About This Project
I am studying Ichthyosaurus specimens from the British Lower Jurassic. Historically, many ichthyosaur specimens from the UK were sold, traded and donated to various institutions in North America, and they have largely been missed by researchers who were unaware they existed. I intend to visit such institutions and study these specimens for the first time. In order to complete my studies on Ichthyosaurus I must examine these specimens in detail. Some likely represent new species.
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What is the context of this research?
Ichthyosaurus was named in 1821 and was the first extinct marine reptile scientifically recognised. I have been studying and have written about Ichthyosaurus for several years.
Thousands of ichthyosaur fossils are stored in UK museums and range from isolated bones to complete specimens. Many have been examined and re-examined, but some have remained off the radar to researchers. For example, I rediscovered a specimen that was mistaken for a replica and which I subsequently identified as a new species in 2015 (see here: http://www.bbc.co.uk/news/science-environment-31521719). The species was named I. anningae. An unexpected find- "I mean, who would expect to find a new species of ichthyosaur from Charmouth, Dorset, in a small museum in South Yorkshire? I definitely did not."
What is the significance of this project?
Despite it being almost a century since the description of Ichthyosaurus specimens in North America have largely escaped study. Furthermore, the science has evolved so much that we now have a far greater understanding of ichthyosaur phylogenetics (how species relate to each other) and morphology (study of bones).
This project will enable me to complete my ongoing study revising the genus, something that has been required for a very long time. Some specimens have been examined by a colleague but in order to critically evaluate them we must examine and assess eachothers findings together – like good scientists should! I like to think that the discovery of I. anningae in 2015 epitomises this project.
What are the goals of the project?
The primary goal of this research project is to rescue (from obscurity) important specimens of Ichthyosaurus in North American institutions so they can be studied by researchers. By examining these specimens in person, and not through photographs, it will enable a thorough assessment of each individual. Having seen photographs of specimens it appears some are likely new species.
This study will first enable identification of scientifically important Ichthyosaurus specimens from the UK in North American institutions as well as the identification of potential new species. It will also enable the recognition of specimens of existing species and provide new morphological details on those species. Finally, it will allow for the examined specimens to be included as part of new scientific papers.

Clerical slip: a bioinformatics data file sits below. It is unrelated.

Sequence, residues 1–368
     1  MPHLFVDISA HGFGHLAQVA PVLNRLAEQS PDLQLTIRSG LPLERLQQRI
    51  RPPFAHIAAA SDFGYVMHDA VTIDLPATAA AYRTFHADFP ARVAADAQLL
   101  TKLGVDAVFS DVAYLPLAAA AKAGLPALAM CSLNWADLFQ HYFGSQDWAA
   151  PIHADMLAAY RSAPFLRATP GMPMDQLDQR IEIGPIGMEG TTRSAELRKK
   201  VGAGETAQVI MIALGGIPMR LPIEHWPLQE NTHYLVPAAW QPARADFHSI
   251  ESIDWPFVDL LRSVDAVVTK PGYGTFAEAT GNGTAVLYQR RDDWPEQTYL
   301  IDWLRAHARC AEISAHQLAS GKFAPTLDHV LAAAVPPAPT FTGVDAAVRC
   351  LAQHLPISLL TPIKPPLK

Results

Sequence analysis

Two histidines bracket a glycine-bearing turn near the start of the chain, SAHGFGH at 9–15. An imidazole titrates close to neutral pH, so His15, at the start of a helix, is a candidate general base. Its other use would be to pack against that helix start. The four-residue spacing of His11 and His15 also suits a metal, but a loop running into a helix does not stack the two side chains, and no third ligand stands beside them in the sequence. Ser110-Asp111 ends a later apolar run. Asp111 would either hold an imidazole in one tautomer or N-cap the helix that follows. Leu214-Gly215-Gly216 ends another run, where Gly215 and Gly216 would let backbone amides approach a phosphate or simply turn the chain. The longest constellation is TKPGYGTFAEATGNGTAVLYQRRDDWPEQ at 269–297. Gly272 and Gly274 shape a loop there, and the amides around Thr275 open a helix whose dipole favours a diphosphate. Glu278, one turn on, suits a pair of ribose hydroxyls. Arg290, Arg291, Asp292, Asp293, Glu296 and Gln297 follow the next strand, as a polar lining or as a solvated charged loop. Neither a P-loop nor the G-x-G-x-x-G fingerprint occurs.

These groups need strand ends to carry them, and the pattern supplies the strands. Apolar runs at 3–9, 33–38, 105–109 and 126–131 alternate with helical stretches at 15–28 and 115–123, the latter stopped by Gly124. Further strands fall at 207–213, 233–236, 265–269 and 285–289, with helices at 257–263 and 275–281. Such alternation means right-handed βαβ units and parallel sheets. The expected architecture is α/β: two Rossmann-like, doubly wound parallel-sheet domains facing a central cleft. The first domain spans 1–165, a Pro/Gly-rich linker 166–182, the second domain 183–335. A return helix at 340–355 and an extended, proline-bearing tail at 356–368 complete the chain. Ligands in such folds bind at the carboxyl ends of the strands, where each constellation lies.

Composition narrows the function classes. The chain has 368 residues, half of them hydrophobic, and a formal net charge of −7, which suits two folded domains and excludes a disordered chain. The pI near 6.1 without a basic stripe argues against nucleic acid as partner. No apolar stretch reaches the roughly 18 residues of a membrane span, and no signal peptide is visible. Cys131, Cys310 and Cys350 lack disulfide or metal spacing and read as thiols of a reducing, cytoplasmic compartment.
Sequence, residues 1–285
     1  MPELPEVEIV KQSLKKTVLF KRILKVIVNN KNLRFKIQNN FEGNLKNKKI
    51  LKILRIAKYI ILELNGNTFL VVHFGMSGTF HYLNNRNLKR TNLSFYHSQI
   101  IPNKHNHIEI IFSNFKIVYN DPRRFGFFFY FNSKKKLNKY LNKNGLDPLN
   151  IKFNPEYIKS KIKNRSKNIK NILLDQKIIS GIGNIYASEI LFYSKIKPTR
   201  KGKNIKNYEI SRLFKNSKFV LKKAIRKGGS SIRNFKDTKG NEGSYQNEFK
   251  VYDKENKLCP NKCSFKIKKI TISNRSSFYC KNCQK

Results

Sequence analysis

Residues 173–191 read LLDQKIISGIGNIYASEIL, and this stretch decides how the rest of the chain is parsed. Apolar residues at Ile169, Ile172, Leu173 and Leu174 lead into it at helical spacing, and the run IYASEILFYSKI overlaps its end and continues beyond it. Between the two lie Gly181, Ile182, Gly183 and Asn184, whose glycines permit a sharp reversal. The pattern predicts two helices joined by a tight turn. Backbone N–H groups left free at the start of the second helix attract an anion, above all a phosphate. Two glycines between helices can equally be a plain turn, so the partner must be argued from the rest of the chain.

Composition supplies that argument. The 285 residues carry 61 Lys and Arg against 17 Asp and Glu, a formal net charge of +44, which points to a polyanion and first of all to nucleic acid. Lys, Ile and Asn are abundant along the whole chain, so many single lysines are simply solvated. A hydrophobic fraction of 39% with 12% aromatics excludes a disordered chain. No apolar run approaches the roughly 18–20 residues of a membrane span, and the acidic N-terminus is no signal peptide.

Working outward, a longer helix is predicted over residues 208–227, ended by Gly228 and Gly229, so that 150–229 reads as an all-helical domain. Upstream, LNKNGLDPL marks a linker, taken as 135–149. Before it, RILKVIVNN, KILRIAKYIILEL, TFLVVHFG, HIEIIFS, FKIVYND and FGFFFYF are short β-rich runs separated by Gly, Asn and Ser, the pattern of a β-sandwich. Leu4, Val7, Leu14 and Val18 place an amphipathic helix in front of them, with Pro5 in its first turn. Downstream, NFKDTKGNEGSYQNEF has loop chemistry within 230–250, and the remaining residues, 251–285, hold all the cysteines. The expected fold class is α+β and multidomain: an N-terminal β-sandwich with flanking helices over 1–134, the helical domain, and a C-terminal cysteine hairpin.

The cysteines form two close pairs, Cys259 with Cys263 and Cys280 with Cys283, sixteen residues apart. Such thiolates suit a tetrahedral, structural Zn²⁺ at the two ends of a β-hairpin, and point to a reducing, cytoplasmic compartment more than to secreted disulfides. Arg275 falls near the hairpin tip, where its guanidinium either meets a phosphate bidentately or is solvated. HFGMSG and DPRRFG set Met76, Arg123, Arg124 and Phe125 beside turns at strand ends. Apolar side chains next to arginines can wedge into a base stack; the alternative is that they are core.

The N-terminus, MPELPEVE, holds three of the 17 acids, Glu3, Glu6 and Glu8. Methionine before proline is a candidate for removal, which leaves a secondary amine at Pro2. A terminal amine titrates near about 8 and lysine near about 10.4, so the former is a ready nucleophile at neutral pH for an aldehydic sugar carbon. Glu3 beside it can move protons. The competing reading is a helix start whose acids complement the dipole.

Travel expenses. From Manchester, UK to NY, USA. Starting in NY and travelling to the following institutions (in no particular order) :American Museum of Natural History, New York, USA; Carnegie Museum, Pittsburgh, USA; Academy of Natural Sciences, Philadelphia, USA; The Harvard Museum of Natural History, Massachusetts, USA; Peabody Museum of Natural History, Connecticut, USA; Royal Ontario Museum, Ontario, Canada.
The project will take place during summer 2016 (July/August).
The above amount will by no means cover the entire project costs, but are instead to assist specifically with airfare and accommodation costs. I am a freelance palaeontologist and so do not have external funding for my research which is almost exclusively self-funded (see here for more details about my research: http://www.deanrlomax.co.uk/Research-profile.html). In order to cover additional travel and subsistence costs I shall be paying out of my own funds.
Meet the Team
I have been collaborating with Prof. Judy Massare (SUNY Brockport College, NY, USA) for about 6 years now. Together, we have written 5 papers (on ichthyosaurs!) with several more to come. Prof. Massare is a world renowned marine reptile expert, having been the first person to discuss tooth morphology and prey preference of Mesozoic marine reptiles - a ground-breaking study published in 1987.
Dean R. Lomax
Hey, thanks for checking out my bio! I have been working in palaeontology for some 8+ years and during that time I've been very privileged to travel around the world and work on many fascinating projects from excavating dinosaurs in the American West to discovering new species of extinct marine reptiles in the UK.
I work as a freelance palaeontologist but am affiliated with the University of Manchester as an Honorary Visiting Scientist. I'm very passionate about science communication and actively engage with traditional and social media. I've written two books, numerous scientific papers and many popular articles and regularly appear on television, most recently as series advisor and recurring on-screen expert presenter for a TV documentary called Dinosaur Britain (a two-part series based in-part on my book, Dinosaurs of the British Isles). I am also the patron of the UK Amateur Fossil Hunters organisation.
For more, please visit my website: www.deanrlomax.co.uk.
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